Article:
The Missing of Clairdelune: The Mirror Visitor Book 2 by Christelle Dabos
Translated by Hildegarde Serle
One of the best books I read last year was a chunkster in translation – the first volume of four, no less. A political and dystopian, fantasy adventure, written with YA readers in mind, A Winter’s Promise was just under 500 pages of sheer delight, (read my full review here).
In the first volume, Dabos introduced us to a fractured world, broken into ‘Arks’ orbiting each other by an angry God. Each Ark’s families have particular magical talents. Ophelia from the Anima Ark is a reader; she can sense all about an object and its owners from handling it. She also has the rare talent of being a ‘mirror visitor’; she can pass through mirrors as long as she’s seen the mirror at her destination.
Ophelia has been promised in an arranged marriage to Thorn, of the Pole Ark, and travelled there with her aunt as chaperone, only to find herself a political pawn in a dangerous game of courtly intrigue, and her fiancé an aloof and man, treasurer to the court, whom she will never warm to. The first book finishes as she discovers why she was chosen.
As the second book opens, it is still weeks until her wedding. Soon, her family will be arriving for the festivities, and as much as Ophelia wants to see them, she is also dreading being smothered by her mother – well, just a little. Thorn is as enigmatic and elusive as ever. There are those factions on Pole that want to see Thorn’s downfall and prevent the marriage that will raise his family back into the nobility and in high favour with Pole’s ruling ‘ancestor’.
When people start going missing in Clairdelune, the citadel of Pole, including Archibald, one of Ophelia’s few allies, she is thrust into a new mystery, which again will threaten the upcoming nuptials. Ophelia will need all her skills, magical and intellectual to keep everyone safe, including Thorn – who continues to be a thorn in her side, but perhaps she is beginning to understand him a little.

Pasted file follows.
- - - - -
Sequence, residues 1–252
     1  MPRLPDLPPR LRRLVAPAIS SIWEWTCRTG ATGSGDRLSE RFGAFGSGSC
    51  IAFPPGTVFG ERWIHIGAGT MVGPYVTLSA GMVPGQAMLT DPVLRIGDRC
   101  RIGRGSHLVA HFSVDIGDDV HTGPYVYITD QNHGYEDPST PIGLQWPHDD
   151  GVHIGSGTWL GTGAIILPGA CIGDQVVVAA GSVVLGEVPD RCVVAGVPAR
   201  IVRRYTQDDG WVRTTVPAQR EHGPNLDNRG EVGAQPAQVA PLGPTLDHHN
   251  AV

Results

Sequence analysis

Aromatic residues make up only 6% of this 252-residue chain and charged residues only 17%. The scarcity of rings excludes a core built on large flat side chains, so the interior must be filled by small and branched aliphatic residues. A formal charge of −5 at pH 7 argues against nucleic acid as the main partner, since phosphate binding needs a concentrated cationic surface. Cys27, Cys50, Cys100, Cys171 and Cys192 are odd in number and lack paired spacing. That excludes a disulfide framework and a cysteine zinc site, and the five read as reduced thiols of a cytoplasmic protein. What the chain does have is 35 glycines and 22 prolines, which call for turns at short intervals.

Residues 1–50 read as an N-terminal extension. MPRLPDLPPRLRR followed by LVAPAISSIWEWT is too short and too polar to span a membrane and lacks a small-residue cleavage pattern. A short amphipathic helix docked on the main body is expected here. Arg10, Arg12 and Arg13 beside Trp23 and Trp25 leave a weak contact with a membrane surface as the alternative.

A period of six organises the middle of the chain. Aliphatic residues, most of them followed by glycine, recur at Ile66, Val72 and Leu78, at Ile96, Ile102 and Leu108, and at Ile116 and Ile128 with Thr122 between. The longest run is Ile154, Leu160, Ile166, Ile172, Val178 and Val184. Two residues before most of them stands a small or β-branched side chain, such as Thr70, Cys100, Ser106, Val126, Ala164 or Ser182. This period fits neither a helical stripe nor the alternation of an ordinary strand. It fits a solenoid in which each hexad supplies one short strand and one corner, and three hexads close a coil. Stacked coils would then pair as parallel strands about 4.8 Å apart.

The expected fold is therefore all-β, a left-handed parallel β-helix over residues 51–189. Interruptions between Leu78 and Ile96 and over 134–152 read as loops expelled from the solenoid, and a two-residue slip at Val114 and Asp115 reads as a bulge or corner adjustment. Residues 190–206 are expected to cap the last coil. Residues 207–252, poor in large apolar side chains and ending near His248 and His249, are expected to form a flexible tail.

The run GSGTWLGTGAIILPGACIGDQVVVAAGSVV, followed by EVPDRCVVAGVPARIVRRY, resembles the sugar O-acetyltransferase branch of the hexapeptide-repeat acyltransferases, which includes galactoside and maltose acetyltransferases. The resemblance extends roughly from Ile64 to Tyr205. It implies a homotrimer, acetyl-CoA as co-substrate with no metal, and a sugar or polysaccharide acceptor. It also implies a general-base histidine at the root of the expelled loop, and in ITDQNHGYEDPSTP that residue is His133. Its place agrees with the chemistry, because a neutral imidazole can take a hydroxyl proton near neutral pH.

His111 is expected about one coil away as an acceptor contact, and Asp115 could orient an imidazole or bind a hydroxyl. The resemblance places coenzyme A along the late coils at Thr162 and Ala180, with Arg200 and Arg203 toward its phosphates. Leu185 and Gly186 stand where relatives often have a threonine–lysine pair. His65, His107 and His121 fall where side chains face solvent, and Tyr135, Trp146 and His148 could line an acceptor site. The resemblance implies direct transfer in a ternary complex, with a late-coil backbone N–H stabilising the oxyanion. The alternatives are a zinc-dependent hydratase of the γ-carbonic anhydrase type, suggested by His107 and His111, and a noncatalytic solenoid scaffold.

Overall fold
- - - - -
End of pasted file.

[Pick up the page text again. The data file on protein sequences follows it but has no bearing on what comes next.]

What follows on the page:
It was a real pleasure to dive back into Dabos’s world. It may have been written with YA sensititivities in mind, but there is plenty of peril for Ophelia in these pages. That it is moreorless violence free and any sexual tension is a mere undercurrent is rather a plus! This allows the intricate plot to flower undistracted, and gives us room to learn more about Ophelia, her fiancé and the other main characters, as well as exploring the Ark in more detail. The Mirage family on Pole are master illusionists, Pole has a northern climate, but it feels like summer at the seaside in the citadel’s levels – all is illusion, something Ophelia must never forget.
As in the first book, there are occasional ‘Fragments’ between chapters in which we hear a little more, obliquely and tantalisingly about God who ‘was punished’. I’m sure these elements will start to make more sense as the series progresses. As before, Dabos packs her narrative with references and names from the bible, literature and myth – this time adding Cunegond from Candide, and a band of ladies known as the Valkryries amongst others, along with a whole sub-plot based on Scheherazade.
The Missing of Clairdelune more than met my expectations, again combining the elements of adventure and mystery with fascinating world-building. The plot is building up to be every bit as bonkers in a good way as G W Dahlqvist’s wonderful The Glass Books of the Dream Eaters (far less violent and racy of course, but the drug of choice in Citaceleste – blue sandglasses – does echo the glass books). The central will-they-won’t-they-actually-get-married plot is advanced interestingly and we grow to love Ophelia even more than we did during the first book. (10/10 again from me).
There is a brief summary of Book 1 at the beginning of Book 2, but you really wouldn’t want to miss out all the fun by not reading A Winter’s Promise first. Meanwhile, we’ll have to wait until next year for the third volume to be available in translation, and the final one will be published in France this November. The French cover of Book 3 is looking interesting (left) – more biblical references. I’m intrigued already!
Source: Review copy from Europa UK – thank you Daniela.
Christelle Dabos, translated by Hildegarde Serle, The Missing of Clairdelune (Europa Editions, 2019) Hardback, 540 pages.